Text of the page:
Hamilton County is postponing for 90 days a request to rezone parcels of McDonald Farm in order to consider other zoning options, according to a release from Hamilton County Mayor Weston Wamp's office.
The Hamilton County Commission was originally set to vote this month on the rezoning request, for which the Chattanooga-Hamilton County Regional Planning Commission voted in January to recommend approval.
Wamp and other county officials spoke at a January town hall in Sale Creek to county residents concerned about what they felt was a rushed effort on the part of the county to rezone 871 acres of the 2,100-acre McDonald Farm property for manufacturing.
Among the concerns expressed by the around 250 residents in attendance was the lack of recreational space included in the rezoning documents, the effect of development on wildlife and the environment, and the potential for development to change the rural quality of the area.
Hamilton County Commissioner Gene-o Shipley, R-Soddy-Daisy, during the town hall meeting asked Jim Stewart, executive director of the Chattanooga Audubon Society — which owns the Audubon Mountain property neighboring the farm — to organize a resident advisory committee to give input on the county's plans for the property.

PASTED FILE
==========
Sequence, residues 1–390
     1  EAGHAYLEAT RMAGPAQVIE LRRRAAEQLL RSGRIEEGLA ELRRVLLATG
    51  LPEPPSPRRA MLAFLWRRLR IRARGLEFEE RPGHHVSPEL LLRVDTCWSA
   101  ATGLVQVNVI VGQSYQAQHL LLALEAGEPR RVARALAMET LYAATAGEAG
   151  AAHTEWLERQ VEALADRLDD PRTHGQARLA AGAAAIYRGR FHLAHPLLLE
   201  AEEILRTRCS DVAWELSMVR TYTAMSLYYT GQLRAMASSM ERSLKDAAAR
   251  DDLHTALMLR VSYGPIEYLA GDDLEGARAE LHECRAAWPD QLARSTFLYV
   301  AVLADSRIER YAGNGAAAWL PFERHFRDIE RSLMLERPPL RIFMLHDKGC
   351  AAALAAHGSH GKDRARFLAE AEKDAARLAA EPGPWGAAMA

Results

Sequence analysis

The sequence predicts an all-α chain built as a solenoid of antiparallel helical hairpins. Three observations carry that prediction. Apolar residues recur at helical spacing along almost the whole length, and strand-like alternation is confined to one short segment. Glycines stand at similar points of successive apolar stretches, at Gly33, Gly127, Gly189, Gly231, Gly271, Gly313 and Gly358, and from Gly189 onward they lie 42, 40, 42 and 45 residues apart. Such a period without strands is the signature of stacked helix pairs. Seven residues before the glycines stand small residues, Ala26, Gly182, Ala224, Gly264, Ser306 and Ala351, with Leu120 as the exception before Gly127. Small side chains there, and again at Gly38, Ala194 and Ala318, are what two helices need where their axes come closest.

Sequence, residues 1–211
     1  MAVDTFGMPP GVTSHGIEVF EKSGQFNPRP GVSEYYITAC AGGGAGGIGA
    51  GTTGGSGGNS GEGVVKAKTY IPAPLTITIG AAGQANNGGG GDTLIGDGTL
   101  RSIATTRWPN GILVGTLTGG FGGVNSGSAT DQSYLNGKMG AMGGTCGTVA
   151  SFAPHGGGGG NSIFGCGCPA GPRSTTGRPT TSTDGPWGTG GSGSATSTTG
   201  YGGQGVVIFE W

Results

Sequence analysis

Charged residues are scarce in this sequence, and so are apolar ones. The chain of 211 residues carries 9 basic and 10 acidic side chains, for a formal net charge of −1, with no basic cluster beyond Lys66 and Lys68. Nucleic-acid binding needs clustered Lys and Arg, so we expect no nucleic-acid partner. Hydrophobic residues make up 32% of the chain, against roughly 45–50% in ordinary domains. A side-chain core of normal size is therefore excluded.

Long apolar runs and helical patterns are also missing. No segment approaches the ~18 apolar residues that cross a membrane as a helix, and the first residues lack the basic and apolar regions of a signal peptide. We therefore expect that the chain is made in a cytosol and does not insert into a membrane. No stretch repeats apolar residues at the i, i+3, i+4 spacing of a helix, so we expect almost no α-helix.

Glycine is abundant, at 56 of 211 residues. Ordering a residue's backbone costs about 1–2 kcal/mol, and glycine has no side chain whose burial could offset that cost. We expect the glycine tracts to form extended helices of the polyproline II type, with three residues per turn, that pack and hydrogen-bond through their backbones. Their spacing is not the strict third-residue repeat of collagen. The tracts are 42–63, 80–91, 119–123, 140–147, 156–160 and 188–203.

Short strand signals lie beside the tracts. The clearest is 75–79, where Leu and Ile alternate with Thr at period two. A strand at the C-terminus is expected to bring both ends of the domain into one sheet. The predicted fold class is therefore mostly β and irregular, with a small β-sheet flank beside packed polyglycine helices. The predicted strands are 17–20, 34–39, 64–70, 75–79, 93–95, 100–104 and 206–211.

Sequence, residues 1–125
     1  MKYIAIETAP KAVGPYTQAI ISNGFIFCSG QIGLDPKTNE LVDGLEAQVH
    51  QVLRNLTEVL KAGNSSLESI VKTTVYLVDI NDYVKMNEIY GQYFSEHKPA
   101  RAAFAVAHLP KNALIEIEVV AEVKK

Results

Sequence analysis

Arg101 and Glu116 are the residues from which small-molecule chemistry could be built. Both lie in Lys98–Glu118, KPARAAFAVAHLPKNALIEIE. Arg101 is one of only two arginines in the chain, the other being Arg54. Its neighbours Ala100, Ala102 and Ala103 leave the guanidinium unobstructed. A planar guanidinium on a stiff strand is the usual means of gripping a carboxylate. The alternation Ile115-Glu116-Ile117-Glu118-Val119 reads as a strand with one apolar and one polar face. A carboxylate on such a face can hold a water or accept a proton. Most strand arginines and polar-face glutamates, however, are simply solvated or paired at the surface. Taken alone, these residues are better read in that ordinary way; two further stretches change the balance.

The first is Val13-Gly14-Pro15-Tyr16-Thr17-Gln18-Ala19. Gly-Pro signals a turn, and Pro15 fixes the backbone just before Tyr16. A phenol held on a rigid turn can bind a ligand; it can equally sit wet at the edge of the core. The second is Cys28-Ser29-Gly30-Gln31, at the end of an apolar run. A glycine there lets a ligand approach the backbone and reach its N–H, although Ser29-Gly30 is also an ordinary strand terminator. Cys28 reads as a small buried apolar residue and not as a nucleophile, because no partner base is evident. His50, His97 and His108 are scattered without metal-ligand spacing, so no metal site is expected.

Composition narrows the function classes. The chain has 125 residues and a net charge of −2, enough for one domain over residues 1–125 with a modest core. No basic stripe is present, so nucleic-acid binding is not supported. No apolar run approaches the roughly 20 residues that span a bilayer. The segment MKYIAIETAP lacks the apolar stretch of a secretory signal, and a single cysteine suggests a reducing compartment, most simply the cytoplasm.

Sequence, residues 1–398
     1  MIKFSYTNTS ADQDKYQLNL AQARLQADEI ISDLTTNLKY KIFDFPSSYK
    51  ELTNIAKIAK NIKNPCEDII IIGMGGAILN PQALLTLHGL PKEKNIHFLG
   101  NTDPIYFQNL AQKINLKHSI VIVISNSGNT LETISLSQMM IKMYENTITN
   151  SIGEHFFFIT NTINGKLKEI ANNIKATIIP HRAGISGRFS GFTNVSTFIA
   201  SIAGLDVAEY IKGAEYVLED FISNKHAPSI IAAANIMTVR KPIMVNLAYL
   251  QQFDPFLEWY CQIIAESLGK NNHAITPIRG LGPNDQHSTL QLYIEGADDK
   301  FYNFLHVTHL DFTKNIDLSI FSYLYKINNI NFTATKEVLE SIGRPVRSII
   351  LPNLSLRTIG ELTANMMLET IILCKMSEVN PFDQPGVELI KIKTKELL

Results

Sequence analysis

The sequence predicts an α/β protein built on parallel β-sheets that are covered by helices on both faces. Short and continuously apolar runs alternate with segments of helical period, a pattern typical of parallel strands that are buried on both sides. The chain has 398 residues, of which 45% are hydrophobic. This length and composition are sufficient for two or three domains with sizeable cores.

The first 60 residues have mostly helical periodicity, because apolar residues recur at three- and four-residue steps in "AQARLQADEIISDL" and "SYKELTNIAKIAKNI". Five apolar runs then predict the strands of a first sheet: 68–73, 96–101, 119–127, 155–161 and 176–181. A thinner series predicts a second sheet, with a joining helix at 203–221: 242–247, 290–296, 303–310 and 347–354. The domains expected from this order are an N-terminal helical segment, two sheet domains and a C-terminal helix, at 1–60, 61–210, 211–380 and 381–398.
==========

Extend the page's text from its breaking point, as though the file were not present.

"They're going to be putting together their ideas to present to us as we work through the processes we need to work through and give them more information about that farm that we don't really know," Shipley said by phone. "And it's an opportunity to look and see if it would be best suited for something besides industrial development."
The citizen advisory committee held its second meeting Wednesday, Stewart said.
"It's an important issue not just for the (Sale Creek) locals but, we believe, the whole county," Stewart said of the farm's development. "We haven't had enough time to come up with specific plans for what we want to see there, but we want to work with the county staff and elected officials and consultants on those points."
A petition on change.org asking the county to pause its request to rezone a portion of the farm had garnered nearly 2,000 signatures as of Thursday.
"We recognize that some business development may well be appropriate for sections of the property," Stewart said in a statement sent by text. "We also recognize the power of nature and outdoor recreation on the well-being of the public and the potential for responsible tourism to provide economic opportunities that may rival those of business."
The county's postponement of the rezoning request will not affect the $3 million awarded to the county by the state of Tennessee for water infrastructure on the farm property, the release said.